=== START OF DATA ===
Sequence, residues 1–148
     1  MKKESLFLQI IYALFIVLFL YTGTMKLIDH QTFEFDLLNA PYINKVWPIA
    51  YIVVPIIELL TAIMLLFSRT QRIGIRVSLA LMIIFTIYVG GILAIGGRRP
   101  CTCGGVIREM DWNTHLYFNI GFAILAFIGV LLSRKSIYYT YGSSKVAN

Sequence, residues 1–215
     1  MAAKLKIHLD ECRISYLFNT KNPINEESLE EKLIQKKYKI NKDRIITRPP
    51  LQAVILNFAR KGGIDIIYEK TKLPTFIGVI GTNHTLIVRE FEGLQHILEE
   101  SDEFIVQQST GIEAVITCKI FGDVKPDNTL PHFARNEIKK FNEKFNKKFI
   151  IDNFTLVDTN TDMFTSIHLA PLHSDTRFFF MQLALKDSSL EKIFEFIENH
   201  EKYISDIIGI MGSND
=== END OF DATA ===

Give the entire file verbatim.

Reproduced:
Sequence, residues 1–148
     1  MKKESLFLQI IYALFIVLFL YTGTMKLIDH QTFEFDLLNA PYINKVWPIA
    51  YIVVPIIELL TAIMLLFSRT QRIGIRVSLA LMIIFTIYVG GILAIGGRRP
   101  CTCGGVIREM DWNTHLYFNI GFAILAFIGV LLSRKSIYYT YGSSKVAN

Sequence, residues 1–215
     1  MAAKLKIHLD ECRISYLFNT KNPINEESLE EKLIQKKYKI NKDRIITRPP
    51  LQAVILNFAR KGGIDIIYEK TKLPTFIGVI GTNHTLIVRE FEGLQHILEE
   101  SDEFIVQQST GIEAVITCKI FGDVKPDNTL PHFARNEIKK FNEKFNKKFI
   151  IDNFTLVDTN TDMFTSIHLA PLHSDTRFFF MQLALKDSSL EKIFEFIENH
   201  EKYISDIIGI MGSND